But even in the face a wondrous revitalization which included a growth in staff and attendance and a expansion into adjoining property, she and the board never got around to having a serious conversation about the fact that it was those wacky ideas she and the staff implemented that made people feel the museum was a place made for them. The metrics they were looking for followed that effort, but the metrics weren’t the measure of the organization’s success.  The measure was that people felt heard, represented, and respected. To them museum was more invested in them than before, and they became more invested in turn and showed up at the door.

The conversation Nina regrets not having needs to happen more often and it will get easier with each attempt. (Not to mention it is the stuff of good grant narratives.)

Success isn’t a matter of good budgeting, advertising and the highest quality programs the organization can afford. From what I remember, I think some of the stuff Nina did that people engaged with most involved activity prompts, paper, and magic markers.  Success is a matter of the highest quality experiences and interactions.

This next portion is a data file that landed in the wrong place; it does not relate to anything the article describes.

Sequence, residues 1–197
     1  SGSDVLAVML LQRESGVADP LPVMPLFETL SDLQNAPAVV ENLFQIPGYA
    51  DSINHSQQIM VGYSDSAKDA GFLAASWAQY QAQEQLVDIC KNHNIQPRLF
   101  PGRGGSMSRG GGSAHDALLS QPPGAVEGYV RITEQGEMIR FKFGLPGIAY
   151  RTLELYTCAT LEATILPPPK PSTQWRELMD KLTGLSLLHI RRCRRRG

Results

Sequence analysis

One of the stand out memories I have of this past Friday is a conversation our marketing director had while asking permission to take the picture of three little girls in a very unsocially distanced hug where one declared “She is practically my best friend!” There wasn’t any special investment on our part, though the father appreciated being asked if we could snap the photo, but it was pretty clear that despite all the Covid related signs and paraphernalia, the group felt good about the interactions they were having.

It often doesn’t take much to help people feel they, their family and friends are welcome. What can be tough is asking and correctly discerning what the things that make them feel welcome are and deciding to effect the changes to include them.

About Joe Patti

I have been writing Butts in the Seats (BitS) on topics of arts and cultural administration since 2004 (yikes!). Given the ever evolving concerns facing the sector, I have yet to exhaust the available subject matter. In addition to BitS, I am a founding contributor to the ArtsHacker ( website where I focus on topics related to boards, law, governance, policy and practice.

I am also an evangelist for the effort to Build Public Will For Arts and Culture being helmed by Arts Midwest and the Metropolitan Group. (

I am currently the Director of the Grand Opera House in Macon, GA.

Among the things I am most proud are having produced an opera in the Hawaiian language and a dance drama about Hawaii's snow goddess Poli'ahu while working as a Theater Manager in Hawaii. Though there are many more highlights than there is space here to list.